Stereoscopic acuities were determined with and without eye movement, following the experimental procedure used by Wright. Two illuminated apertures were used as the targets seen in the dark against a black background. Measurements were made for these targets separated horizontally for various visual angles up to 52 degrees and for high, low, and unequal luminances. A critical study of the results showed that disparity was responsible for the greater part of stereoscopic acuity. The part played by eye movement (convergence movements), if any, appears to be constant and is of minor importance compared to the part played by disparity.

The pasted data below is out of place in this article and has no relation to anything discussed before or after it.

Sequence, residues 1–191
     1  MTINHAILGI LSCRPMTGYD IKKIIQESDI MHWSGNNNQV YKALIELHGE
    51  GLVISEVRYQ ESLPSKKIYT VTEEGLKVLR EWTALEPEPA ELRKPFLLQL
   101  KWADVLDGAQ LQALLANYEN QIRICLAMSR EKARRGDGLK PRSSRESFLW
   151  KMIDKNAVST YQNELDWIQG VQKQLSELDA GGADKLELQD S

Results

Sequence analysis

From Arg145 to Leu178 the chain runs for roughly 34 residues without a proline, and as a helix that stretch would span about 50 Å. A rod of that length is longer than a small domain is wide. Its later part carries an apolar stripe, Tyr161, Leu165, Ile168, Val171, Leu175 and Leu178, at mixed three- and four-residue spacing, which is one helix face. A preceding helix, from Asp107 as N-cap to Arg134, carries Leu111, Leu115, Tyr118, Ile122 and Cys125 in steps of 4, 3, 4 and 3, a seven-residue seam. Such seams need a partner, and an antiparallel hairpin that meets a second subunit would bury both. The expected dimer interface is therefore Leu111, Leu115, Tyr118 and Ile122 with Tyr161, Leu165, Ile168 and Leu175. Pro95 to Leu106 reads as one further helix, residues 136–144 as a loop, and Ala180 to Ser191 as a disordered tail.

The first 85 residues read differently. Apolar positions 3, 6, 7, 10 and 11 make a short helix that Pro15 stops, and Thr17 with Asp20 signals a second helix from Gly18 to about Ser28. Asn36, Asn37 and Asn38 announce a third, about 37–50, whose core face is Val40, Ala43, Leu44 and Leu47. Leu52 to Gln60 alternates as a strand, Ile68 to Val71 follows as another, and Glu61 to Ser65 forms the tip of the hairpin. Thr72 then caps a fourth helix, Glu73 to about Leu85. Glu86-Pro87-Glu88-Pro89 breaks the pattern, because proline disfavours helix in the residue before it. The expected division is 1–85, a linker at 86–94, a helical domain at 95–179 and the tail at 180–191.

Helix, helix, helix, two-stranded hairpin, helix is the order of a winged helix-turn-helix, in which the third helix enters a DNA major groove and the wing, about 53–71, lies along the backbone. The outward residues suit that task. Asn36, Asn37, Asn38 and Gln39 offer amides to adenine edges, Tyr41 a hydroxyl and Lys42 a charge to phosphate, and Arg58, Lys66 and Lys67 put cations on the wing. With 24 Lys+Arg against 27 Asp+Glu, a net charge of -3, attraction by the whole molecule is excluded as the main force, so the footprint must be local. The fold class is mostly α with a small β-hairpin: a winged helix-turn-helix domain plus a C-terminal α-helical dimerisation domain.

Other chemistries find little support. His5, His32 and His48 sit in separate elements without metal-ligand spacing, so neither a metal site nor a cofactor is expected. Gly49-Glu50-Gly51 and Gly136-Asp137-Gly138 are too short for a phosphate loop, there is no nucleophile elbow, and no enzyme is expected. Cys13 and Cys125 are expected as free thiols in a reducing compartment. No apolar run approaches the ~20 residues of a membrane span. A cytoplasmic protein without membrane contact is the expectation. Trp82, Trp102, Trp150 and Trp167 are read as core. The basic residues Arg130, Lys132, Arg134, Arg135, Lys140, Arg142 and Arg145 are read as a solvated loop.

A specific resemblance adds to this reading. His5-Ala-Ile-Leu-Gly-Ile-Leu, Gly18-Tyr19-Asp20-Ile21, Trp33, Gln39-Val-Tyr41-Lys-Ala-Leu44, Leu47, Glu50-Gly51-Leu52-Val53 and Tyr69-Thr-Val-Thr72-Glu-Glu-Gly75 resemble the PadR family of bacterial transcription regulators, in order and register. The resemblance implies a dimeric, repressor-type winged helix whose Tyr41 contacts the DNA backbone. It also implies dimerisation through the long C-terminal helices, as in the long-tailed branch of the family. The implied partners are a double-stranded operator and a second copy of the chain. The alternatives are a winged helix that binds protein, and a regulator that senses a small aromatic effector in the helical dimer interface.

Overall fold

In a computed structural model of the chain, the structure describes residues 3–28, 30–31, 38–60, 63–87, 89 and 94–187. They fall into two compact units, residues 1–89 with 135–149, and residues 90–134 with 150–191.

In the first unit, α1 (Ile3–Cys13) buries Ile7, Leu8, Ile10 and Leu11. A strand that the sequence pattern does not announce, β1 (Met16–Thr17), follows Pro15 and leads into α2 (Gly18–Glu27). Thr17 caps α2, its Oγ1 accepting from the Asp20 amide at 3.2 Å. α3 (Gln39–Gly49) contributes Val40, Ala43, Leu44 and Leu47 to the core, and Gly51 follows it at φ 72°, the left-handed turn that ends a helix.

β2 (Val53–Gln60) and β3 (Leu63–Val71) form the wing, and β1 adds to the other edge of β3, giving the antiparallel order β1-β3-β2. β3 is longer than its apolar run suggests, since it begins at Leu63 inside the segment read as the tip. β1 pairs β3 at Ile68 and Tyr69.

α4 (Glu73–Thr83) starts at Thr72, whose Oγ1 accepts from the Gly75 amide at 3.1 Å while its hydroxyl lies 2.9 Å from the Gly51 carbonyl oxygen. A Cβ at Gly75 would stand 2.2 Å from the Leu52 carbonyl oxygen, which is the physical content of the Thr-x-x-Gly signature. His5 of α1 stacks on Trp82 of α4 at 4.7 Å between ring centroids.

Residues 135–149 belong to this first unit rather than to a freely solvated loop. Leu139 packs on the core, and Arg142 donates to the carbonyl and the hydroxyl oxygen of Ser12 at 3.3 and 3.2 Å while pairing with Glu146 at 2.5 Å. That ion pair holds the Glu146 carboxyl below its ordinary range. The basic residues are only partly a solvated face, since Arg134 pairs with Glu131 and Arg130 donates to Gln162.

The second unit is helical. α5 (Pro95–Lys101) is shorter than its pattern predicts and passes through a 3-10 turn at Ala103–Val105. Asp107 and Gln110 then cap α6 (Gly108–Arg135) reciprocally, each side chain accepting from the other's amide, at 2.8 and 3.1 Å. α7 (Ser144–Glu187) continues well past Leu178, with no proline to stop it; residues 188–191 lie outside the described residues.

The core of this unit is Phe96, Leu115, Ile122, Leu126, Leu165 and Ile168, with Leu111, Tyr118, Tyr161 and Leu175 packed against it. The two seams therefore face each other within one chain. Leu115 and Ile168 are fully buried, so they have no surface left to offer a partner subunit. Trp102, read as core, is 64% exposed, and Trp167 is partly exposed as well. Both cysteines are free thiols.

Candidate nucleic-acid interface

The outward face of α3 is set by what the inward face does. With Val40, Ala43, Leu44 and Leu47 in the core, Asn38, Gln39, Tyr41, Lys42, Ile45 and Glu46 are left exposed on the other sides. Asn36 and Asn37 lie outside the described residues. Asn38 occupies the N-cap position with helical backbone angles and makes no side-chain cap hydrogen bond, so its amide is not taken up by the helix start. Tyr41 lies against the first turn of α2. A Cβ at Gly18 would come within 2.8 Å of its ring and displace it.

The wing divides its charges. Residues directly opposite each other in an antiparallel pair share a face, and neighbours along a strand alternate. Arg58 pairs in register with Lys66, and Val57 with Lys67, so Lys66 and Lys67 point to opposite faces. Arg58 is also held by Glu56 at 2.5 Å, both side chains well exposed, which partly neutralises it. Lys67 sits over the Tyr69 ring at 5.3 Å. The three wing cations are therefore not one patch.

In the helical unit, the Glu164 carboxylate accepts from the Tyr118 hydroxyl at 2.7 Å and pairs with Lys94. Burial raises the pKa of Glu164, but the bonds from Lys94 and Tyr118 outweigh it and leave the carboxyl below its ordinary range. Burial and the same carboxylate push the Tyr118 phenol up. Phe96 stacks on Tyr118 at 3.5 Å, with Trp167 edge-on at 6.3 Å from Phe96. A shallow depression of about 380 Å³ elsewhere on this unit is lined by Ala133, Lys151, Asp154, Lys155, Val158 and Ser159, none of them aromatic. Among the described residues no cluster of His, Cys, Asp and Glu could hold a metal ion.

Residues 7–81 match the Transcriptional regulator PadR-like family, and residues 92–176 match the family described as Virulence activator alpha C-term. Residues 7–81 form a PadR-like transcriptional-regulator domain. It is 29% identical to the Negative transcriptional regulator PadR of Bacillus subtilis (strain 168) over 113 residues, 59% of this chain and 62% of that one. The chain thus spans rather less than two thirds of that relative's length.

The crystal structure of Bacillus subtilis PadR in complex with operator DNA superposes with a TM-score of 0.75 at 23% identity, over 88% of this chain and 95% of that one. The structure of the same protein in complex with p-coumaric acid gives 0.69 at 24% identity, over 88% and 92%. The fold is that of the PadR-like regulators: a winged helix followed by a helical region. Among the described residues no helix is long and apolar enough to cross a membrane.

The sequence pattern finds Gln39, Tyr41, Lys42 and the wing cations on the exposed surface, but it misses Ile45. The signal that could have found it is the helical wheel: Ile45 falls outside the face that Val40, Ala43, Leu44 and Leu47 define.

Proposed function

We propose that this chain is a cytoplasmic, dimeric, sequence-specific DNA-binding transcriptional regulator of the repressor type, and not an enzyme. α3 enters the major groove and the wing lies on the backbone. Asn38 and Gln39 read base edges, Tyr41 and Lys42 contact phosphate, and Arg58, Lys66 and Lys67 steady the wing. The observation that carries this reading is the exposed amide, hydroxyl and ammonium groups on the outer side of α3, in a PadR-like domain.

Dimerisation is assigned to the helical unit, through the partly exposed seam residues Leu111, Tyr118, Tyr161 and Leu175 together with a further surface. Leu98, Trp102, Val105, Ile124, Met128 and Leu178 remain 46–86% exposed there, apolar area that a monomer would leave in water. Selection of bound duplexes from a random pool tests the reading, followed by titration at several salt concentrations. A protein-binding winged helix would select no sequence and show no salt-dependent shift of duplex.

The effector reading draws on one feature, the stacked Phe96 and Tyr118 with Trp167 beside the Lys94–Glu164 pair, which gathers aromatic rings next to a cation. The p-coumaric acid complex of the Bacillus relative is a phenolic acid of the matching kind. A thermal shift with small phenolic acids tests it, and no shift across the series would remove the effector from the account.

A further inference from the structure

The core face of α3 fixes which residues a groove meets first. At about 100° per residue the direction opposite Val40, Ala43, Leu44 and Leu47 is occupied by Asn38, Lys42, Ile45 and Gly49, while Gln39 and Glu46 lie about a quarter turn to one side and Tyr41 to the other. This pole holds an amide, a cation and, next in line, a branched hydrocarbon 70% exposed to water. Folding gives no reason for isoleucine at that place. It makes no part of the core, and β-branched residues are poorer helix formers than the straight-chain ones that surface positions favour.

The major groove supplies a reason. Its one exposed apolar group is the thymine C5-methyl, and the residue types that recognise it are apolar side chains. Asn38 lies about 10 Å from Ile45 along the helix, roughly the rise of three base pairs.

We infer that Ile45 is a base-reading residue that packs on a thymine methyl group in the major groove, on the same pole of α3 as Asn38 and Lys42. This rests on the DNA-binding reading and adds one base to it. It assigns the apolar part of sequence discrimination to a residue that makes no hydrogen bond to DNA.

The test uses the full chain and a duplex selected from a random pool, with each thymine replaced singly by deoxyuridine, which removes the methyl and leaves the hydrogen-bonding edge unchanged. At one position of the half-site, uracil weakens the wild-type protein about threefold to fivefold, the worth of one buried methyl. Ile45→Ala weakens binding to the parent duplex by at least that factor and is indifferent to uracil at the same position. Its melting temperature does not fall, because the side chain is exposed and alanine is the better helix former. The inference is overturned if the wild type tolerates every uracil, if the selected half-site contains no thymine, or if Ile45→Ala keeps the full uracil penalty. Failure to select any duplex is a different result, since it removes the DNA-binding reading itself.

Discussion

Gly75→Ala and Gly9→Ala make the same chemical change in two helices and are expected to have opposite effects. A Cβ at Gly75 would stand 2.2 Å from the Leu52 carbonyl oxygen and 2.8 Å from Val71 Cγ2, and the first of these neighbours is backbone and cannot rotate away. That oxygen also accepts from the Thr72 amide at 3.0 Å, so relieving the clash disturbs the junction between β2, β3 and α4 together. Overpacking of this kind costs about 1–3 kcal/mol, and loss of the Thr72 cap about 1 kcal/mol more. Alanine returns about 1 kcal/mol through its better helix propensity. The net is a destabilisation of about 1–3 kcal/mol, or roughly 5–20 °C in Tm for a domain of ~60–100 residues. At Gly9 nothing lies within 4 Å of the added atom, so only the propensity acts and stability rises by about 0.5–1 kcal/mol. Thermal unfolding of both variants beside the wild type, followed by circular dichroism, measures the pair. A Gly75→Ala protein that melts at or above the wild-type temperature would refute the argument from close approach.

A. A. RADY and I. G. H. ISHAK, "Relative Contributions of Disparity and Convergence to Stereoscopic Acuity," J. Opt. Soc. Am. 45, 530-534 (1955)